There are at least seven different ideas about what constitutes the reality of vision:

Through the Window Realism – what you see is what you paint. the picture represents everything you would see exactly as you would see it through a window or a door.

Selective Realism – the selective realist says you can’t possibly see every single object that’s in  front of you, let alone paint it. There’s just too much. Only three or four objects may stand out,so that’s all you paint.

Light and Shade Realism – unless you’re a bat , you can’t SEE in the dark. The only reason we see is because light strikes the retina . Vision is just light and dark and what we perceive as dark is simply the absence of light. Therefore, the only way to paint is to capture the way light falls on a surface and is reflected to the eye.

Focus and Fringe Realism – the actual image you perceive on the retina is clear only in the middle of the field.  Surrounding this clear center of sharp-edged interest is a blurred fringe that grows increasingly blurred toward the edges. Thus visual realism demands a clear center of interest at the focal point, which then shades off into less clarity.

Fringe Realism / Impressionism – since light is the only thing that stimulates the eye, to be true to vision, paint only the pattern of light that impinges on the retina.In Impressionism there are no “things”, only light-reflecting surfaces.

Dynamic Realism – nature is seen as being in constant change. Similar to Impressionism in that  it is not about objects as things. Rather , objects are just  planes with a tensional relationship to each other.

Dream-World Realism – paintings are images that appear in the artist’s mind.

Conversations in Paint – A Notebook of Fundamentals by Charles Dunn

Art Quote of the Day


Variety is the counterweight to harmony, the other side of organization essential to unity.  Although an artist might bring a work together with harmony, it is variety that imparts individuality, arousing the viewer’s curiosity and holding his or her attention.  It creates visual contrast – a separation of elements and images.  Like a good sheepdog that singles out one animal from the flock, the introduction of variety actively separates areas or images to make them more exciting and let them stand apart.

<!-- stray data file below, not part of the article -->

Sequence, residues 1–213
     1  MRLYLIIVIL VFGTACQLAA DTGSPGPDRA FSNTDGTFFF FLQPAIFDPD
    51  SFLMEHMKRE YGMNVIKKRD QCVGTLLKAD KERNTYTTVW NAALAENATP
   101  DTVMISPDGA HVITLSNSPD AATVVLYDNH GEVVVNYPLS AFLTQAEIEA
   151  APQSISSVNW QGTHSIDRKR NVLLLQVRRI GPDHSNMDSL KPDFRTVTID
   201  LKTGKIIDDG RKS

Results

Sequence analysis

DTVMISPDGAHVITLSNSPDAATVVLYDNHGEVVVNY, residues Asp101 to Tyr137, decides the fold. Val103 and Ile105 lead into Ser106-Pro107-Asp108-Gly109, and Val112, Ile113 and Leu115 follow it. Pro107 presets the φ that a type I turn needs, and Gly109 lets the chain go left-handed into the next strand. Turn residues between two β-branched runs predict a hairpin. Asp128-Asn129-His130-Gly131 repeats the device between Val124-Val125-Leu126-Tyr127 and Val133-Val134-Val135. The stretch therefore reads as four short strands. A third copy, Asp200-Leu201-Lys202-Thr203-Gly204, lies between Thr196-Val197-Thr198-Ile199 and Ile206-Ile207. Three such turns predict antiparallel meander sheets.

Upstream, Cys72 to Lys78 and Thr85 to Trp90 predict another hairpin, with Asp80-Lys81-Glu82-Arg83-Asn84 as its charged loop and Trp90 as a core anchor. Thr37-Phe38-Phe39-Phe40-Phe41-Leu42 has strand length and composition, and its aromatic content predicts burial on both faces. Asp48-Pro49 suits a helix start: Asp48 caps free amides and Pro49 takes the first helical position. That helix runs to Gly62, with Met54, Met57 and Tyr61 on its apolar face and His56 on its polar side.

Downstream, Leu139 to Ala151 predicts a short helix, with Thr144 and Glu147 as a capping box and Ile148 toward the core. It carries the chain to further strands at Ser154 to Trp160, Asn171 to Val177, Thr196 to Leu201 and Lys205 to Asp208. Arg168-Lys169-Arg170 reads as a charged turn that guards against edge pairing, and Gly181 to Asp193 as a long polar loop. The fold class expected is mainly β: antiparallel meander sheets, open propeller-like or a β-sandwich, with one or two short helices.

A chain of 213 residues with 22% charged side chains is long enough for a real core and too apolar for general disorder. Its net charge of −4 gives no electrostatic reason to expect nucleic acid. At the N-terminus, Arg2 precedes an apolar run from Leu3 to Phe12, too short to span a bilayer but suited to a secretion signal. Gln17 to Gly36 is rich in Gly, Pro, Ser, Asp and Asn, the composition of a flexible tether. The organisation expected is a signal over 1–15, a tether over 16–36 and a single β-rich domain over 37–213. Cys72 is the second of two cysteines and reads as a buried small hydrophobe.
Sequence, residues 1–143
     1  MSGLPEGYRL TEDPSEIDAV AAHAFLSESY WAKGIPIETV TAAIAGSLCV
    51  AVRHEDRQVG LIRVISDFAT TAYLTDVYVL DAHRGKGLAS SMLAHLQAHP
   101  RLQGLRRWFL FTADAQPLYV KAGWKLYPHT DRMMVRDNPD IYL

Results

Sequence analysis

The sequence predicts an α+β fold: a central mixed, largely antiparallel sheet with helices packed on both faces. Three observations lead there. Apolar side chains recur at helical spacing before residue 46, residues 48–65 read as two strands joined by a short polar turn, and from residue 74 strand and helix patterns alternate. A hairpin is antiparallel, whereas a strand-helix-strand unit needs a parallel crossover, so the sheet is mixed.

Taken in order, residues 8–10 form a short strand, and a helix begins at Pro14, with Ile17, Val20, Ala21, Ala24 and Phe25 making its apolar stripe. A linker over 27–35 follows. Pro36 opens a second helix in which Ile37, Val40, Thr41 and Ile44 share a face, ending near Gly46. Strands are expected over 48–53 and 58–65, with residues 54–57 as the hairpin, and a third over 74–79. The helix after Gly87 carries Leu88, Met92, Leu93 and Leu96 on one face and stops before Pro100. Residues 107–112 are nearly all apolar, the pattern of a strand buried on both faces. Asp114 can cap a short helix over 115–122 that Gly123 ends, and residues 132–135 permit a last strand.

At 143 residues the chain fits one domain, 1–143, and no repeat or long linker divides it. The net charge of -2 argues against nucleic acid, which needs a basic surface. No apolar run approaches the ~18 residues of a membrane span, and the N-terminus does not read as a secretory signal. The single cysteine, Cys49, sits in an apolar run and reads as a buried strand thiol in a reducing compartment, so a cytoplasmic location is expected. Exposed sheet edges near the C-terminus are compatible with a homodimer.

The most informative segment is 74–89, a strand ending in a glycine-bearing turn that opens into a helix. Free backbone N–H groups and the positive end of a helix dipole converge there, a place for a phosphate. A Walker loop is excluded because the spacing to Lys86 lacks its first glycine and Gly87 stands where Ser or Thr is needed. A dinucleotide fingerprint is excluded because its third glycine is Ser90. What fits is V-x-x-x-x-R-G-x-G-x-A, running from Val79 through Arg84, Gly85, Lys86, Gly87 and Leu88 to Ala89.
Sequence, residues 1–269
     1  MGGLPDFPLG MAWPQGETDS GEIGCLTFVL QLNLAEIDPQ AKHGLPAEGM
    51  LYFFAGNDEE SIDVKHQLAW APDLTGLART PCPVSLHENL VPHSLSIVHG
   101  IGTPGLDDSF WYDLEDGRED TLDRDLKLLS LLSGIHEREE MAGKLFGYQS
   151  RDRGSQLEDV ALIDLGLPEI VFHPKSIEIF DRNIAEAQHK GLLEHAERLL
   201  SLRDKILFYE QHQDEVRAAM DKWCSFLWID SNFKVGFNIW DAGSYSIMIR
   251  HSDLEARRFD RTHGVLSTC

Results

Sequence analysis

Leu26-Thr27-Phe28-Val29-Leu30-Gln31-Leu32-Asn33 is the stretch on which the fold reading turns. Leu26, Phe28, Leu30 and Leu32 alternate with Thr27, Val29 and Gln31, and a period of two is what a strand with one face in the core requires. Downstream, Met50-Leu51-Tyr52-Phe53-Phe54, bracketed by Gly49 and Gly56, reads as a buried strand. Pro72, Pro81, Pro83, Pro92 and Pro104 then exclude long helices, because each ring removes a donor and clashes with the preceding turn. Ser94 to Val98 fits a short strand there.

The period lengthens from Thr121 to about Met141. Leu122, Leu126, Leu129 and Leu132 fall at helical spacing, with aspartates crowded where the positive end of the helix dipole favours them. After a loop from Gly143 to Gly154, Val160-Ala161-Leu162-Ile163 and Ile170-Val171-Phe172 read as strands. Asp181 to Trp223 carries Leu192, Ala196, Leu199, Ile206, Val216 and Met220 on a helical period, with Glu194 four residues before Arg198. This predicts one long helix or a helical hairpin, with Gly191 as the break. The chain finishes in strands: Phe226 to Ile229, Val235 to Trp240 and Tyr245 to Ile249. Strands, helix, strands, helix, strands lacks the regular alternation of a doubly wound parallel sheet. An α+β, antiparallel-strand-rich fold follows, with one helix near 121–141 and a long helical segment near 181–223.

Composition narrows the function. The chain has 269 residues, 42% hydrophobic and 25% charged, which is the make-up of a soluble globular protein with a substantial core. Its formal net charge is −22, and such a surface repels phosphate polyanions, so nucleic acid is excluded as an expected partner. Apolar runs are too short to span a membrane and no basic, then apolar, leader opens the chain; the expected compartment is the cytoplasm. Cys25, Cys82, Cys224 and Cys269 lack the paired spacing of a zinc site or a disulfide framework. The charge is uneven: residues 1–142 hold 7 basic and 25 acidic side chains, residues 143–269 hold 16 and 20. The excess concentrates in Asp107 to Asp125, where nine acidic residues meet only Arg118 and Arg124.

If an artist creates a work using a complete equality of visual forces, the work may feel static, lifeless, and unemotional. Visual boredom is a sign of an overly harmonious composition.  By adding degrees of variation, the artist introduces essential ingredients ( such as diversion or change) for sustaining attention.

Visual interest, then, results directly from adding variety to the composition.  Variety causes visual separation – a pulling apart of related elements or images, differentiating and disassociating the componenets.  This separation is achieved through the use of contrast and elaboration.

Art Fundamentals – Theory and Practice by Ocvirk,Stinson,Wigg, Bone, Cayton

As a teacher of 2-dimensional design, I emphasize the fact that Variety, as one of the unifying principals of design is important to the completion of a successfully designed image. If you go to my blogsite , then follow me on Pinterest you’ll find a board that is labelled , APPLES. I have a quote that , very early on I posted as a quote of the day, dealing with this idea. It goes something like this: Art is about making choices… take a simple subject like an apple. Is it red or green? shrivelled , bruised , fresh, is it the BIG APPLE or the apple that the witch gave Snow White? The quote goes on , but eventually points out that with each decision made about that apple you change the meaning of the art. I decided to use this ideas and collect images of apples and on my Pinterest page you’ll find numerous examples. Enjoy! And for your own amusement, pick a simple object and set to creating imagery using assorted media you may have, collage, pencil, paint, makeup, finger nail polish, anything and everything will work if you keep an open mind!

Art Quote of the Day

IMG_1644“Between opposites lies the path………

flexibility vs. structure

frenzy vs. lethargy

anarchy vs. order

insurgency vs. obedience

logic vs. instinct

simplicity vs. abundance

seriousness vs. silliness

work vs. play

The work we do as artists can be seen as that of finding points of balance between opposing forces and concepts and representing them visually.  Sometimes the balance is confined to a narrow space, sometimes broad.  Try this: identify the “extremes” that frame as many aspects of your project as you can identify and look for  the appropriate points of balance between them.”

Creative Sparks by Jim Krause

Art Quote of the Day

“Just as a battery’s power comes from wires attached to opposite poles, sources of our creative energy are often derived from opposites.  An understanding of both extremes gives an artist a deeper understanding of what lies in between.

life <   >death                                                                        laughter<   >tears

black<   >white                                                                      curiosity<   > single-mindedness

silence<   >conversation                                                      concrete<   >ethereal

female<    >male                                                                   fiction<    <non-fiction

deity<     >atheism                                                                mainstream<     >fringe

exertion<   >rest                                                                   wealth<    >poverty

technology<   >primitive tools                                           risk<   >safety

knowledge<    >ignorance                                                   growth<     >decay

details<   >the big picture                                                   lust<       >chastity

sun<   >rain                                                                            future<     >past